ROAM – See “Return” ROI – See “Return” Segment – See “SWOT Analysis” Skimming – See “Penetration” S-shaped Curve It is also called “logistic curve” and describes the functional relationship between investments in specific resources and specific results obtainable with these investments, a critical concept in strategic planning. Up to a certain “minimum level” of investment (normally called “threshold” or “critical mass”) results do not show significant increases, beyond this level results grow at an exponential rate up to another point (a reasonably “maximum” level of investment called “ceiling”), beyond which they could continue growing but at a diminishing rate. Obviously, the “critical mass” necessary to compete varies greatly depending on the specific business, the type of resources and results taken into consideration, and the market and competitive context.

Strategic Business Unit – See “SWOT Analysis” SWOT Analysis The acronym refers to the analysis of Strengths and Weaknesses of a company in relation to the Opportunities and Threats presented by the environmental and market context. The analysis is normally conducted without specific reference to the potentially different product/market/country combinations in which the company operates (or plans to operate), and this makes the entire exercise very generic and practically meaningless from a strategic perspective. It would therefore be much more sensible to conduct the analysis at the levels of both the individual “strategic business units” (SBUs) or segments (product/market/country combinations) and the overall corporate portfolio: some strengths and/or weaknesses and some opportunities and/or threats could be common to most SBUs, but others could be specific for selected SBUs and therefore require or suggest different and balanced strategic choices.

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Theoretical Market It is represented by all the consumers/users that belong to the industry sector or segment of interest, given a certain business definition: depending on the scope of the business definition, the theoretical market could be more or less broad, but is larger (by definition) than the so-called “available market”, and it would therefore be relatively meaningless to estimate its size in terms of quantities.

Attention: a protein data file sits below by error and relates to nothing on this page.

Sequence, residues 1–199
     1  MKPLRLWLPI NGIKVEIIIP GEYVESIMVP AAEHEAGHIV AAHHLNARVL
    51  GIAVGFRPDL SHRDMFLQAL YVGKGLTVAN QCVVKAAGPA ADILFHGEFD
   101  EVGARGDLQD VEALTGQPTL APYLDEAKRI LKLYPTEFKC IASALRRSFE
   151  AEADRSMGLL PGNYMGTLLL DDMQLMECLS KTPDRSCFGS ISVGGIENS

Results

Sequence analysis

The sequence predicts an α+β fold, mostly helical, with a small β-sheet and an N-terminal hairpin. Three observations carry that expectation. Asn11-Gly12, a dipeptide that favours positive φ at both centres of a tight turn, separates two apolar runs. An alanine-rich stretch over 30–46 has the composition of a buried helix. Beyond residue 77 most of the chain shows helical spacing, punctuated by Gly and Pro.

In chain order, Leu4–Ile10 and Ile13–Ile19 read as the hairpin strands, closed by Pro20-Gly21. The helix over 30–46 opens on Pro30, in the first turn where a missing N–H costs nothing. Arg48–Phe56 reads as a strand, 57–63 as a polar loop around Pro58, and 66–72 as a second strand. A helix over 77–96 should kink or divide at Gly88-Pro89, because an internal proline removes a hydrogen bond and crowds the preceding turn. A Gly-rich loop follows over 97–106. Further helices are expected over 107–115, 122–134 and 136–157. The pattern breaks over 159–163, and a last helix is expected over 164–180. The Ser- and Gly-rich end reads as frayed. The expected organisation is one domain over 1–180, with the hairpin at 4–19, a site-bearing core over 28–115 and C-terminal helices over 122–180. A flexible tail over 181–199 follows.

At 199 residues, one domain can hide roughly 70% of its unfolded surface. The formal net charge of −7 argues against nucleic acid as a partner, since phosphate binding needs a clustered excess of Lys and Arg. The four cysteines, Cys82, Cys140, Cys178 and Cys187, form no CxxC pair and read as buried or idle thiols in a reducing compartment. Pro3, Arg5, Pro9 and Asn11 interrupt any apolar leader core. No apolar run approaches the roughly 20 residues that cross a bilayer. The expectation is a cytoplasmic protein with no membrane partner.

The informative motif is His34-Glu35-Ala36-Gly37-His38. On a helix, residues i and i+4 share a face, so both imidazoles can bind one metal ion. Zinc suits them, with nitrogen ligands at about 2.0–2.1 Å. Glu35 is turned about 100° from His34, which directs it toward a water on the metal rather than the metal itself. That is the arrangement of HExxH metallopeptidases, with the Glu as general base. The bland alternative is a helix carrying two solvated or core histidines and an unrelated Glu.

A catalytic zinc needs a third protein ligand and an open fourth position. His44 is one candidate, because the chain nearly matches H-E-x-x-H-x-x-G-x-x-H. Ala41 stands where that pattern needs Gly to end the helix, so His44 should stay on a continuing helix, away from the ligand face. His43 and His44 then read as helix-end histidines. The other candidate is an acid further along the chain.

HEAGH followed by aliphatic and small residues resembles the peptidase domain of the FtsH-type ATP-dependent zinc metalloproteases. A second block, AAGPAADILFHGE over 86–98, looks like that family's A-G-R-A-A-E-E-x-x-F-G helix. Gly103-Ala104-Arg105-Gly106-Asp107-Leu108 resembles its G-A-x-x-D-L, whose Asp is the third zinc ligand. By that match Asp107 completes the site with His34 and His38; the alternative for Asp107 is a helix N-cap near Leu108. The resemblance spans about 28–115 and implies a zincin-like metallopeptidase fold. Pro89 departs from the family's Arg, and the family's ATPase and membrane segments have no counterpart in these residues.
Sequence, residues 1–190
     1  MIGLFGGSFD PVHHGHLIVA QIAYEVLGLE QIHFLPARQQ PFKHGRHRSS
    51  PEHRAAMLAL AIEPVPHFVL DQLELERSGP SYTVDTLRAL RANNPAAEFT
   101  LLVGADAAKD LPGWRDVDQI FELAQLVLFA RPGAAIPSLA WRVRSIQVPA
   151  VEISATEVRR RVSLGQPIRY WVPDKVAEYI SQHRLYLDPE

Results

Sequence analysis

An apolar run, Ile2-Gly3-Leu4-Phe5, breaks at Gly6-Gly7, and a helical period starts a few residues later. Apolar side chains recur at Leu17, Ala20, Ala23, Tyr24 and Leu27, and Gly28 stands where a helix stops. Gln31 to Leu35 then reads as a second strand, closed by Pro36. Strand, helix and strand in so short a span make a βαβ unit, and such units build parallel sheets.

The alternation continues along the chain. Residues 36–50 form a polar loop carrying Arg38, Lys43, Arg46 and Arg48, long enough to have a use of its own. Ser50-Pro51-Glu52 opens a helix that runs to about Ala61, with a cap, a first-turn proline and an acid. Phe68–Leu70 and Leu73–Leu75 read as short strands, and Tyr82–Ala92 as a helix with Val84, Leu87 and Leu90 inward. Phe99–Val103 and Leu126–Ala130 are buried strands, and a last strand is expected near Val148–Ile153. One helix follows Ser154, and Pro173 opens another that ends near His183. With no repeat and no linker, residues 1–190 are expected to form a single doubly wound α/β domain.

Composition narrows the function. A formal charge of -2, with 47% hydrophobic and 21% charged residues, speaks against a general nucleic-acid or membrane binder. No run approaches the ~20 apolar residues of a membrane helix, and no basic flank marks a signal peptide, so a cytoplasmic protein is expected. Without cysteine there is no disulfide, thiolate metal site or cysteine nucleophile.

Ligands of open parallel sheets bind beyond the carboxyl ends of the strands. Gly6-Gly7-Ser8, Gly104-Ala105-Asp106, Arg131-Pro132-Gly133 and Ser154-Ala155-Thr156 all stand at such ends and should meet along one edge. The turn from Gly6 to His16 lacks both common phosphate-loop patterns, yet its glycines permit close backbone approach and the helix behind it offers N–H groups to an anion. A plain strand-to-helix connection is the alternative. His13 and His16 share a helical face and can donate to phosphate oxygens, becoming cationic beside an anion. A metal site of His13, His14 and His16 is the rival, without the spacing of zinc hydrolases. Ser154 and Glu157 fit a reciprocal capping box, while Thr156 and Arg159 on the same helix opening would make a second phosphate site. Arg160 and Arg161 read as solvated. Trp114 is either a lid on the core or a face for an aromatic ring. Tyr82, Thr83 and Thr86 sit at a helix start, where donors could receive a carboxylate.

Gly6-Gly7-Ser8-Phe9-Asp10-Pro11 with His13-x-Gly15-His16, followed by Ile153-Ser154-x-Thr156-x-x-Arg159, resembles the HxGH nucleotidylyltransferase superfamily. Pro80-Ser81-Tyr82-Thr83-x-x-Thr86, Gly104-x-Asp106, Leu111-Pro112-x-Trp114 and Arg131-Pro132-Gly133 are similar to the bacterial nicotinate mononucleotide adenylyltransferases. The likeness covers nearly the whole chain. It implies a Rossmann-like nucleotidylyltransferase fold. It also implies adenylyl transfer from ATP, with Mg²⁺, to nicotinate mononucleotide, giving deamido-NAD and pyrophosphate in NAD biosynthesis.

Threshold – See “S-shaped Curve” Traceable Common Costs Costs that can be assigned to a given entity (e.g. a country) only indirectly, but on a plausible basis. For example, a portion of the overall cost of a general manager who systematically spends a given percentage of her/his time to promote business in relation to this entity: without her/his contribution, the company should hire or employ some other professional resource (in practice, it could be considered as an “opportunity cost” of adopting that particular organizational arrangement).

Transaction Costs Costs incurred in using the market system in buying or selling products or services. As noted by Pass & Lowes, they include the costs of locating suppliers or customers and negotiating with them, and the costs associated with imperfect market situations such as tariffs and quotas. Depending on their nature, they can be classified as fixed or variable costs (either “out-of-pocket” or “opportunity”) , but, even if they can be very significant (for example, in the sale of a consulting project to a major public institution), quite often they are not explicitly taken into consideration for assessing the profitability of the transactions.

Trading Company The primary functions of a trading company in a given country include purchase, sale, transportation, and distribution of goods imported from or exported to other countries. To supplement these activities, as noted by Stern & El-Ansary, other services of frequently offered as well. For example,

U.S. trading companies offer a wide array of services including providing their clients with international market research, consulting, marketing, insurance, product research and design, trade documentation, legal assistance, financing, and facilities for merchandise handling and wholesaling. Value Chain – See “Marketing Mix” Value/price Ratio – See “Market Share” and “Key Success Factors” Variable Costs Costs whose total amount tend to vary directly, proportionally and automatically (and not because of a subjective managerial decision such as an advertising investment, which could be proportional to the expected sales, but is not automatically determined by the sales volume), with the level of output (production and/or sales). In fact, the “unit” variable cost (raw materials, commissions, etc.) tends to be constant within a given range of output, that is why the concept of “variability” implicitly refers to the “total” costs incurred by the firm (see also “direct costs” and “fixed costs”).

Working Capital – See “Return”